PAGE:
And Then There Were Four (Nationwide Wireless Carriers)

FCC approval of AT&T acquisition of Leap Wireless reduces roster of nationwide carriers by 20%.

The FCC has taken another giant step toward reconstitution of the old Ma Bell monopoly by approving AT&T’s acquisition of Leap Wireless, which operates nationally under the Cricket brand. Leap was the fifth largest facilities-based wireless carrier in the U.S., so it was surprising that the proposal for it to become part of the second largest carrier elicited so little opposition from anti-trust regulators, the public interest community, or even the remaining smaller competing carriers. The deal received little more than a shrug from the FCC’s Eighth Floor, which let the Wireless Bureau, rather than the commissioners themselves, resolve the matter.   This curious lack of high level interest contrasted sharply with the strong signals from federal regulators that any move by Sprint to acquire T-Mobile (Number Three buying Number Four) would be regarded with extreme disfavor. How come Number Two buying Number Five didn’t even merit a glance?

The transfer of control applications did generate oppositions from Public Knowledge and several entities with idiosyncratic grievances against AT&T. (Full disclosure: Your blogger represented two entities that opposed, or asked that conditions be placed, on the transaction.) The pleadings and counter-pleadings which were volleyed back and forth for six months took a comical turn at one point. Recall that, a couple of years ago, Leap vigorously opposed AT&T’s acquisition of T-Mobile on the grounds that AT&T was refusing to offer reasonable roaming rates to other carriers. But when the same charges were leveled against the AT&T/Leap deal, suddenly Leap fell silent on this point. In addition, Leap has historically characterized itself, repeatedly, as a nationwide carrier in its SEC filings, its FCC filings, and its advertising. But now, suddenly, Leap disavowed that status. Leap also claimed not to compete with AT&T, despite giant billboards all around the country proclaiming how Cricket’s service is less expensive than AT&T’s.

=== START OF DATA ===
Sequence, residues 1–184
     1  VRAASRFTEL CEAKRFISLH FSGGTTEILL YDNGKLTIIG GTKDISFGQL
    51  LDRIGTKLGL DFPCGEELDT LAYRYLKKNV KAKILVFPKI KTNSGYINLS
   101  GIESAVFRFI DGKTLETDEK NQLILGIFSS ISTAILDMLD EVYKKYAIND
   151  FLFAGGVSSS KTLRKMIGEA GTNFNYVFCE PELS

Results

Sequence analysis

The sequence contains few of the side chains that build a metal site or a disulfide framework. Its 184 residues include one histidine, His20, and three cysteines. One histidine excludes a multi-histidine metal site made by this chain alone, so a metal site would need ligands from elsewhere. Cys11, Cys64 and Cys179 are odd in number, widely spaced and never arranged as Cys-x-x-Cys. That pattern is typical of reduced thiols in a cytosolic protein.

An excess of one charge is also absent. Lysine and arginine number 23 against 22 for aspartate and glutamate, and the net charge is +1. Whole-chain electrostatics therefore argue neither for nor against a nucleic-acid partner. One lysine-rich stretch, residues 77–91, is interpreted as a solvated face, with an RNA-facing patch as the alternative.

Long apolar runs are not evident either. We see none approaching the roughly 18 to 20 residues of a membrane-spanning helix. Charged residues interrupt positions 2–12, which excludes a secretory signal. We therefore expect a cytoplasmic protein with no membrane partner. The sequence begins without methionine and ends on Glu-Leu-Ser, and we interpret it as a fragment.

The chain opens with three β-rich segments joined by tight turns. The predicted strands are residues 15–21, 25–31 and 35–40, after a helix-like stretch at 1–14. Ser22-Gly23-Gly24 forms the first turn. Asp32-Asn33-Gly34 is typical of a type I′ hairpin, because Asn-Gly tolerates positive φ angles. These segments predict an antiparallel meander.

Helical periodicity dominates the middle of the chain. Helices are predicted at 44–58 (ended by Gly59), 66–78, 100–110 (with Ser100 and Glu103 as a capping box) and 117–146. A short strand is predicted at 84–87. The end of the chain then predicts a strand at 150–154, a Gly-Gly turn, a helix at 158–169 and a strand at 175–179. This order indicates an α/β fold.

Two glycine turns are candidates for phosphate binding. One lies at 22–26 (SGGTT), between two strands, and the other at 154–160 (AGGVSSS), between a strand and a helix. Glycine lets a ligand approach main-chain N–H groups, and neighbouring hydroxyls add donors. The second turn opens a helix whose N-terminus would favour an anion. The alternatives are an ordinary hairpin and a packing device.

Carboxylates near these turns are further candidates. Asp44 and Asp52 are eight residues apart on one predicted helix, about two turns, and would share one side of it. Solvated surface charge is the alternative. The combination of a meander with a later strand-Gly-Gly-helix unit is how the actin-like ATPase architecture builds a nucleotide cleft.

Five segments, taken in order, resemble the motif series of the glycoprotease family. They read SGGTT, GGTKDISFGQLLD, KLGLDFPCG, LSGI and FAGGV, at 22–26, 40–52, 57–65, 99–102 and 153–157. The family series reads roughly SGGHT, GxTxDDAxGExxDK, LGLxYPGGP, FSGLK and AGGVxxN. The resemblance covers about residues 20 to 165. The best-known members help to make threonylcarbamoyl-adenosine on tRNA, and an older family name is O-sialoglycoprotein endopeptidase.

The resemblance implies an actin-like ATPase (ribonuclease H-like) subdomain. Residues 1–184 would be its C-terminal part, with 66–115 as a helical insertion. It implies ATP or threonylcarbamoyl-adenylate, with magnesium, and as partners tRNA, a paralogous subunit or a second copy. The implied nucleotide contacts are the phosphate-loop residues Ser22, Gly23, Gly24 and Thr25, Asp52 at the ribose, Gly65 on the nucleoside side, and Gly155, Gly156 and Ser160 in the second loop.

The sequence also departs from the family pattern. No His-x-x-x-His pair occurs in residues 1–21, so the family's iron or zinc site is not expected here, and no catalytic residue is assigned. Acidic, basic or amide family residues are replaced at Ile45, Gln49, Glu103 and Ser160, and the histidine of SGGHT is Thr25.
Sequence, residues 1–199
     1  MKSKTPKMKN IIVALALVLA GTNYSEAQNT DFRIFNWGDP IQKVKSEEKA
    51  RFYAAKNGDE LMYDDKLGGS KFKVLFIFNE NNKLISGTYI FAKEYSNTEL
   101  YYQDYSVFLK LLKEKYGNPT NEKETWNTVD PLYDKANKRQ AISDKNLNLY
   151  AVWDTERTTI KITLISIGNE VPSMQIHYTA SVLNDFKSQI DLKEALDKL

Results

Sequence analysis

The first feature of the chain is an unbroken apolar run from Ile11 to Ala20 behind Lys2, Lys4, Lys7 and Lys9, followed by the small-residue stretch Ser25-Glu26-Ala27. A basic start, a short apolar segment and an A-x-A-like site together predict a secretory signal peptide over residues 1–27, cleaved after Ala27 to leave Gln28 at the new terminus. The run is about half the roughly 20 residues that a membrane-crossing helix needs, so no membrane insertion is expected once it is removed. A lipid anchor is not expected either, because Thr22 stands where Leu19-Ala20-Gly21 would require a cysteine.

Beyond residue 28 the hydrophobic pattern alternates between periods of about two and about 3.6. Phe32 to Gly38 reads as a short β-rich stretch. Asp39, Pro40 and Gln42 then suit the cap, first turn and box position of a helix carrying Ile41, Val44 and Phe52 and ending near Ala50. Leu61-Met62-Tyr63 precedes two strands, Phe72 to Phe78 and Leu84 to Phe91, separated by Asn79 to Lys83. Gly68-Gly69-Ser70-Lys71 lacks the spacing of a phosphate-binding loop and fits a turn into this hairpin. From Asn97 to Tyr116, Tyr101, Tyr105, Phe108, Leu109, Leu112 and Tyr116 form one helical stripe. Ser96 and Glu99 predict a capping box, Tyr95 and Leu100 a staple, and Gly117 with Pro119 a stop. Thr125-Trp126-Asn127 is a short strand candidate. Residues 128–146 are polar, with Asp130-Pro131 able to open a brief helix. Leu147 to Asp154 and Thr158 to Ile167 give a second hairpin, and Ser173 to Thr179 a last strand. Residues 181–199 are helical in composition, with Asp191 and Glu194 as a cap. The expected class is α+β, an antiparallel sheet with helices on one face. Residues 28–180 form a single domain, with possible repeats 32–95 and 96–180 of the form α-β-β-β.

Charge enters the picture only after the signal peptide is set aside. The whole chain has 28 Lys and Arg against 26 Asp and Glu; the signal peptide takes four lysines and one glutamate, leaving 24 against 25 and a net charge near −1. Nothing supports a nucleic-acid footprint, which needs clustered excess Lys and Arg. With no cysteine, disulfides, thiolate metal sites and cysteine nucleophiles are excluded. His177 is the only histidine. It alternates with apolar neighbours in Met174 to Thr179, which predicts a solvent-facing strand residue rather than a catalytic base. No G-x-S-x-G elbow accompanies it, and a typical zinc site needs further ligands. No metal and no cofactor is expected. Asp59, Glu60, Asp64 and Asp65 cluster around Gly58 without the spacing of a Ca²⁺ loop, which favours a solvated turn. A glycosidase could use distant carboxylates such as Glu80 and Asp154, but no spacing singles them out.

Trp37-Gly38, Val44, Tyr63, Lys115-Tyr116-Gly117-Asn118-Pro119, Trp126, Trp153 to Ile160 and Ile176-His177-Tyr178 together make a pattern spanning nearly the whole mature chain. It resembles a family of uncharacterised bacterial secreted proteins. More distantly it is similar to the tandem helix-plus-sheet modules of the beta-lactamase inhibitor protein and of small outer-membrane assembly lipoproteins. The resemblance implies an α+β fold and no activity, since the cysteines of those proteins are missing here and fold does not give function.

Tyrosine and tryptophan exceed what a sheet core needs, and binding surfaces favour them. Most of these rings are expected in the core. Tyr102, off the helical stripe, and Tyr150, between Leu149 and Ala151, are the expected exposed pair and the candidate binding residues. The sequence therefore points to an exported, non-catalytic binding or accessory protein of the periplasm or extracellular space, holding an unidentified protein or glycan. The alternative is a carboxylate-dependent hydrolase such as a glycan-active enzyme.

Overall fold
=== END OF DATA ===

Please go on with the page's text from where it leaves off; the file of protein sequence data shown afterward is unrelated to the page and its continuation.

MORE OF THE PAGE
For its part, AT&T had earlier solemnly pointed to Leap as a disruptive and vigorous competitor which elicited competitive responses from AT&T. But now AT&T has done a perfect about- face, declaring with equal solemnity that Cricket has been a competitive non-factor that has not affect AT&T's sales strategies at all.

Clearly, mergers make strange bedfellows.

And the FCC good-naturedly shrugged off all the previous, contrary representations of the two parties as though they had never been worthy of credence anyway.

The staff did examine carefully the red flags that had been raised by both the high spectrum aggregation and the high market share concentration which resulted when Leap’s spectrum and customer base were added to AT&T’s. To handle the spectrum issue, the FCC required AT&T to divest itself of 10 MHz of AWS (or other spectrum designated by AT&T) in about 15 markets. 

The market concentration issues in a number of markets were enough to give the FCC some serious heartburn, but this was easily relieved by a bicarbonate of LTE: AT&T simply agreed to roll out some additional LTE in the most egregious markets, and the FCC said that that benefit made up for the diminution in competition. Promising to roll out LTE has become the palliative of choice for large carriers who must somehow overcome what would otherwise be debilitating negatives caused by their proposed transactions. The instructions for this particular nostrum call for it to be administered at the very last minute in the agency’s deliberative process, thus precluding any interested member of the public from commenting meaningfully on whether the alleged benefits really exist and, if so, whether they really outweigh the harms.

As usual, strident claims by numerous parties that the transaction would seriously worsen access to reasonable roaming rates were disposed of with the comment that anybody aggrieved by the roaming rates being offered could file a complaint with the Enforcement Bureau. AT&T did make a last minute “commitment” to maintain Cricket’s Lifeline service for some indefinite period of time, a commitment that probably made no sense to Lifeline customers who were unaware that their service was even in issue because this aspect of AT&T’s plans had been kept confidential.